– Nancy Peterson of the Humane Society of the United States

Let Kids Cross the Street Alone

Pedestrian injury is the second-leading cause of accidental death among children ages 5 – 14. Children 10 and younger should never cross the street alone. Kids are impulsive and have difficulty judging speed, spatial relations and distance. Sharp hearing and eyesight, good depth perception and proper scanning ability all develop gradually and do not fully mature until at least age 10.
– Angela Mickalide, Ph.D., program director for the National SAFE Kids Campaign

Let Kids Stay Home Alone

The child must be comfortable with the arrangement, know basic safety information such as who to call in an emergency and how to reach a parent or other trustworthy adult if needed. Additionally, the child must know “common sense” as to not answer the door for a stranger. Tennessee law dictates no legal age for children to stay home alone, but obviously, children younger than 10 should not be left without supervision at any time.
– Mark Krakauer, M.D.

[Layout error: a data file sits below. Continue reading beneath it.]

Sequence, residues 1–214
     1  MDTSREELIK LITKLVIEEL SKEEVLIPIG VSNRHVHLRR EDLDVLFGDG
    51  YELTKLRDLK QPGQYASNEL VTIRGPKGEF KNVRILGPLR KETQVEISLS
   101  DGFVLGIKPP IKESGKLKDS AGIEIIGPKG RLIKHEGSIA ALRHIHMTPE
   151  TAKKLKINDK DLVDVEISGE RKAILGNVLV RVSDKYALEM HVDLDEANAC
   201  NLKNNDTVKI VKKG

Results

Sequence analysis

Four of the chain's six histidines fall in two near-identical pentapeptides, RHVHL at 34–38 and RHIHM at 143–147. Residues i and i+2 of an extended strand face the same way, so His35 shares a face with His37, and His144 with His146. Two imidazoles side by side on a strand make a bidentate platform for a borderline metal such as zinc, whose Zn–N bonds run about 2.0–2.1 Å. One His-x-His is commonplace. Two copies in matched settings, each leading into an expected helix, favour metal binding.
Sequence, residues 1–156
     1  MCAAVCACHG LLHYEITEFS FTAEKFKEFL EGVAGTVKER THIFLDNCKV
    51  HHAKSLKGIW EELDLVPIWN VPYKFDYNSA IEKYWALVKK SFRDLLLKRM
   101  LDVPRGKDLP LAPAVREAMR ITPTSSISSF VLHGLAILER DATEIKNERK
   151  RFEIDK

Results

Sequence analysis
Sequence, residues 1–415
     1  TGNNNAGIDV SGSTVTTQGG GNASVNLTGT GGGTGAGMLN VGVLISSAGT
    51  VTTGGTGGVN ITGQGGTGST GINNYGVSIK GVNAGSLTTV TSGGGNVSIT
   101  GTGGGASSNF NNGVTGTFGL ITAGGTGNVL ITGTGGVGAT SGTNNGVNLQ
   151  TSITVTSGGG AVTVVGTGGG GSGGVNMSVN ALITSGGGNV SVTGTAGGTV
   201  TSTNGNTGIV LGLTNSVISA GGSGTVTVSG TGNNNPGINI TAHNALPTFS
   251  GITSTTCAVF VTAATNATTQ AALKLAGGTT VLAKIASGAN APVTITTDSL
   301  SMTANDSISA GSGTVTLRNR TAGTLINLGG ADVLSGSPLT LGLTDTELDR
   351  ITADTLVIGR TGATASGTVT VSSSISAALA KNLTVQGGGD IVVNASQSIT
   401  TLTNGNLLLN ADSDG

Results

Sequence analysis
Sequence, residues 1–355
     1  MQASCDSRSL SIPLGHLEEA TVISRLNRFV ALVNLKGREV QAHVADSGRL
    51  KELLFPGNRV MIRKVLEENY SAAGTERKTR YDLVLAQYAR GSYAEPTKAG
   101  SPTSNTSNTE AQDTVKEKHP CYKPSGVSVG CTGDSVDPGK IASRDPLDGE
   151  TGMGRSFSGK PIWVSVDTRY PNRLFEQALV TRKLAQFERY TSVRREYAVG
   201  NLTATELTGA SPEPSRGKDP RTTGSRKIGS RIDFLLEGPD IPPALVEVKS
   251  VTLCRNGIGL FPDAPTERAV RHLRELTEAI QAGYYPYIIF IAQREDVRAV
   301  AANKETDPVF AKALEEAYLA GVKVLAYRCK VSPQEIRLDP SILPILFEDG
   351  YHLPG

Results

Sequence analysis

Talk to a Child About Death

By school age, most children understand that death is an irreversible event. It is appropriate to answer their questions directly and honestly. Children should not be shielded from this topic, and invariably, the topic arises through the death of a loved one or pet, or indirectly through a loved one of an acquaintance. This presents an opportunity to communicate with your child openly and directly about death. It’s OK for a child to see his parents express emotions openly, as this will make it easier for the child to do the same.
– Mark Krakauer, M.D.

Explain a Period to Your Daughter

As with most topics, be honest, open and direct with your child. When you foster this type of relationship with your daughter, it makes you accessible as a source of information. Better she get information from you than other sources such as TV, the Internet or her young friends who may be misinformed. With open channels of communication, you are likely to be asked about this topic well before your daughter has her first period. Generally, girls start to show signs of breast development before their first period. If your daughter is starting to develop and you have not had the discussion yet, then it is time to have the talk!
– Mark Krakauer, M.D.

Talk to Your Son About Puberty

If you foster an open dialogue with your son, you will find that rather than having to have “the talk” you may have several small “talks” over time, which may be much more painless. The details of your discussion will depend on the level of maturity of your child. For example, to a 5-year-old you may speak generally about growth spurts and getting bigger, but to an 11-year-old you might answer more specific questions about facial and body hair.
– Mark Krakauer, M.D.

Sharlene K. Johnson is a freelance writer.